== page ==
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Why I painted about acceptance

by Susan Snipes • October 25, 2020




Susan Snipes, “Acceptance” series, oil and cold wax medium on paper, 9” x 12” each




I stood with a hand on my hip, my fingertips smudged with paint. I wasn’t worried about getting a few more paint streaks on my studio clothes. My other hand loosely held a palette knife. Afternoon light filtered through the basement windows. The faint scent of linseed oil and solvents lingered in the air. I squinted at three panels layered with thick saturated paint. I was attempting to paint a trio of... Ugh. I heaved out a sigh. Why did these paintings look so awful?

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A few months earlier, I started experimenting with oil painting and cold wax medium. I’ve been making art for years, but this combination was brand new to me. Cold wax medium mixed with oil paint is ideal for layering, texture (impasto), and faster drying time—all attributes I like. I was delighted with the first several small paintings I made with oil and cold wax. Everything flowed effortlessly. Those initial paintings were interesting and cohesive. Fast forward to my latest set of oil and cold wax paintings and my creative flow had slammed into a wall and vanished.

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I am so stuck. I pursed my lips. Well, I guess I could paint about it.

I pulled an empty board away from the studio wall and rested it on my easel. I peeled six sheets of papers specially designed to receive oil paint from a tablet. I measured and taped each paper onto the board with blue painter’s tape. A bank of white windows with blue frames. OK, the blank page awaits.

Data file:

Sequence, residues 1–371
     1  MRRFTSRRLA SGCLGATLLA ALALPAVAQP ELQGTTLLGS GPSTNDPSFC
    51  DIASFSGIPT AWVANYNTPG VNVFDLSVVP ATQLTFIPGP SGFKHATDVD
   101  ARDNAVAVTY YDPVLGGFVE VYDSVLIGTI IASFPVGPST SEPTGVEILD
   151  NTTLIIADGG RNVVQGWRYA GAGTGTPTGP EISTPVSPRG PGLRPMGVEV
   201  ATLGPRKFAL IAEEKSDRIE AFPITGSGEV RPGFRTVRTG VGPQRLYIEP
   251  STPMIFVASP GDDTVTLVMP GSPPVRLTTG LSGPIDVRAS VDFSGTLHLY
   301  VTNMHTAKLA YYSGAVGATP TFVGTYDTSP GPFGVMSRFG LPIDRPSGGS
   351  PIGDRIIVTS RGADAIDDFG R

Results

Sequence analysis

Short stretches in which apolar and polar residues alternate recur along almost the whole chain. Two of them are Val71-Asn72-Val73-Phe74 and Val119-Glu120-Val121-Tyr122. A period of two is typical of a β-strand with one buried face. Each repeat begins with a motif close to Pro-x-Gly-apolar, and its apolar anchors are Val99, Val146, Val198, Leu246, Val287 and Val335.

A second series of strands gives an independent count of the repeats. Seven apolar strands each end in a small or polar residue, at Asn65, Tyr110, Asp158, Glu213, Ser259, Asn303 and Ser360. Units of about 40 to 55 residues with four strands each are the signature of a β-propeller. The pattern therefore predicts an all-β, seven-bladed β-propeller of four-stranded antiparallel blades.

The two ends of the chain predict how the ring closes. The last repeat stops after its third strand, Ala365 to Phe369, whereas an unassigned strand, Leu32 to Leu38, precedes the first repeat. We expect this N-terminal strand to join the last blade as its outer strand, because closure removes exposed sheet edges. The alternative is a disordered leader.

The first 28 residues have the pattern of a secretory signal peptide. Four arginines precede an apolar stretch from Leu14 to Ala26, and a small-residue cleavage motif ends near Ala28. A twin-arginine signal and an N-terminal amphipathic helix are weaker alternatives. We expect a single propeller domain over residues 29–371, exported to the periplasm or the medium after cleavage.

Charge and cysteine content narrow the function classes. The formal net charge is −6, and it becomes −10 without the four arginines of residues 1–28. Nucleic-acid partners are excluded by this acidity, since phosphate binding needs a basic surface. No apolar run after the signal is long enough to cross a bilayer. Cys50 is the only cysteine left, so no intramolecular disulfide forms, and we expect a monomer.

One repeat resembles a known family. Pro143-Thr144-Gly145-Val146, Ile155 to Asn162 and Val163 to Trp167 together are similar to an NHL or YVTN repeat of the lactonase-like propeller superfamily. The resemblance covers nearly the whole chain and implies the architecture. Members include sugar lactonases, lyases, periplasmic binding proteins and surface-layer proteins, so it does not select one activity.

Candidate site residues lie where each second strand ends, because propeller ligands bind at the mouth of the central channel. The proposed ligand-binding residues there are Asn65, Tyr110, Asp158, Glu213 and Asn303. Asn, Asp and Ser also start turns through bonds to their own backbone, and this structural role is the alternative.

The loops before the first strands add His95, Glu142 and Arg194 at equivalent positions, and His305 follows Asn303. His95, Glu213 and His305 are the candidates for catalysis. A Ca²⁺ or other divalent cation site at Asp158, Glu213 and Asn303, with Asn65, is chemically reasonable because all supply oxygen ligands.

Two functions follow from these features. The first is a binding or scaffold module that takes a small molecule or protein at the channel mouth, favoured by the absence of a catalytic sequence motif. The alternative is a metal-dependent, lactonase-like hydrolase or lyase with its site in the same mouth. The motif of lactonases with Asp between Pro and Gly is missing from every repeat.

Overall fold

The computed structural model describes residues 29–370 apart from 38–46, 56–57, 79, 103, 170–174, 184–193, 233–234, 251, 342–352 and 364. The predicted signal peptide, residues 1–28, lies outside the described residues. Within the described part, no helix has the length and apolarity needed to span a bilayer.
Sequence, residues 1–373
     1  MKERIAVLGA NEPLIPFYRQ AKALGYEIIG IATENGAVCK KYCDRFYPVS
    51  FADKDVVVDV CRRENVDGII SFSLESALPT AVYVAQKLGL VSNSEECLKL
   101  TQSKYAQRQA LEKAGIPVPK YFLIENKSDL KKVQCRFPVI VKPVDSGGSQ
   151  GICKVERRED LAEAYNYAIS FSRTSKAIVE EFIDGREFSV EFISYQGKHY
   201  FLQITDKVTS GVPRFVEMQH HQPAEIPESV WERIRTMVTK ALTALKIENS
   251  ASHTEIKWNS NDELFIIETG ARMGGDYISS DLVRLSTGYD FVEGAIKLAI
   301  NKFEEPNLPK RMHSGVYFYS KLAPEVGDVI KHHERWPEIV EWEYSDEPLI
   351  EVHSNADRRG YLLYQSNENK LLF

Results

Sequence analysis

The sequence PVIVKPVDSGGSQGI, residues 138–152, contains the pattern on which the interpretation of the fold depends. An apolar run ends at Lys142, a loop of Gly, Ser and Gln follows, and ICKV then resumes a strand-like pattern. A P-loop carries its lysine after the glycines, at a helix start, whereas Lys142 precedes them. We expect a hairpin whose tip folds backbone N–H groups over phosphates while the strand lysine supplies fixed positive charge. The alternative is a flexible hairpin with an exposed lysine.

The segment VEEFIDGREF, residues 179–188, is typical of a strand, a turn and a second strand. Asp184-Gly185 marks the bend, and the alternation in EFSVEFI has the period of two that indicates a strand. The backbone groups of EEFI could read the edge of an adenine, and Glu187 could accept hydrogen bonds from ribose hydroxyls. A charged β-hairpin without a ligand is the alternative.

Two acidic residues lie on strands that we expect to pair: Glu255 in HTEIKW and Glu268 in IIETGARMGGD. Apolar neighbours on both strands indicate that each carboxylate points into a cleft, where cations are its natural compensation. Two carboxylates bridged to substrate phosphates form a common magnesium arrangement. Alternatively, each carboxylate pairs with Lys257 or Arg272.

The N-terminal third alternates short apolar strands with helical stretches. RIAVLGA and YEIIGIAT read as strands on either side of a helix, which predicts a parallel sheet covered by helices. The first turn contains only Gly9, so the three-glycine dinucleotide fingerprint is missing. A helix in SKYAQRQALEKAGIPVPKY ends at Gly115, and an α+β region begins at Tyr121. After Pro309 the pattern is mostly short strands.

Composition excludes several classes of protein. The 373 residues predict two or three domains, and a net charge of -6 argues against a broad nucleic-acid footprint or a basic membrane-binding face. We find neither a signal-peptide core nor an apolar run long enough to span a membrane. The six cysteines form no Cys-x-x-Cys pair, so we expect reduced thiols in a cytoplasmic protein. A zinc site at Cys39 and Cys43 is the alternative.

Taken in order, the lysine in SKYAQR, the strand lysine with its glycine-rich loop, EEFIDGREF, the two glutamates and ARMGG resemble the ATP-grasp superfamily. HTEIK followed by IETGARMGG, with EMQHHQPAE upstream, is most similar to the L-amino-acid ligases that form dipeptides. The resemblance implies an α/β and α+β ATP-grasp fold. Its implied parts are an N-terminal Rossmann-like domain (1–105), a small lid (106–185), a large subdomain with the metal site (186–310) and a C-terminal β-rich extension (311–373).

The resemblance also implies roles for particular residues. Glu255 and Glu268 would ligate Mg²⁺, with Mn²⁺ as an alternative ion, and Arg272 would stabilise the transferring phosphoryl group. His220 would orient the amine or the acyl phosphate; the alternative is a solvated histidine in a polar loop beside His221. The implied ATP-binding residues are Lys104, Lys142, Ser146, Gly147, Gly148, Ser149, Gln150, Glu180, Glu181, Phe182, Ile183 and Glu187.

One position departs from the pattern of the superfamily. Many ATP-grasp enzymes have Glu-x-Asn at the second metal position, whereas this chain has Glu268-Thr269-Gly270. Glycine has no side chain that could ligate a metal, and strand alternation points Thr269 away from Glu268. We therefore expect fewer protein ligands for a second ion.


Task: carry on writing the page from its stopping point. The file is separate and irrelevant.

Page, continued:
I stepped back and paused. Hmmm. I grabbed a Sharpie. I uncapped the marker and settled my gaze on the grid of blue tape around the paper.

I poised the marker on the tape above the first blank page. I knew I had been forcing art out of me based on what I thought I “should” be doing with this new medium. I could be honest about that. I scrawled about trying too hard to have control. I moved on to the next rectangle and wrote again. Humbled, I kindly requested the art materialize on the page. I wrote across more tape. And then, I gave in. Whatever wanted to manifest could show up. I wrote above the last paper. I would be totally open to what comes.

In order, these are the words I scribbled: try to control, force an opening, ASKING, surrender to what comes, floodgates, and totally open.

And then I began to paint. First, I swiped streaks of oil paint sticks on each page. Then, I squeezed fat worms of paint on my palette. I mixed hunks of cold wax with the paint. I spread the paint mixture onto the pages. I added more textured layers. My intentions guided me.

I returned to the grid of paintings the next day and the next. I found flow. I observed. I accepted what was showing up on the page. By the third day, I saw pairs of these paintings related to each other in color and form. I found the hidden messages. I made a curved edge more prominent here. I accentuated an angle there. I added grooves and scratches into the paint. I incorporated more colors. I scraped away extra bits. Over the next several days, I let the images materialize.

On the evening after the sixth session, I stepped through the doorway into my studio. Ah, that is enough. They were ready. I picked at the edges of the blue painter’s tape one piece at a time. I slowly peeled the blue tape and freed each painting from the board. I wadded up the tape inscriptions and dropped them into the trash can. I didn’t need my written words. These six paintings embodied the essence of those intentions.

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Are you working on a project with too much force? Can you step back, let go, and accept what is waiting to happen?
 



ACCEPTANCE SERIES
Oil and Cold Wax Medium on Arches Oil Paper
All paintings are 9”x 12”
$95 each unframed, or $125 each framed


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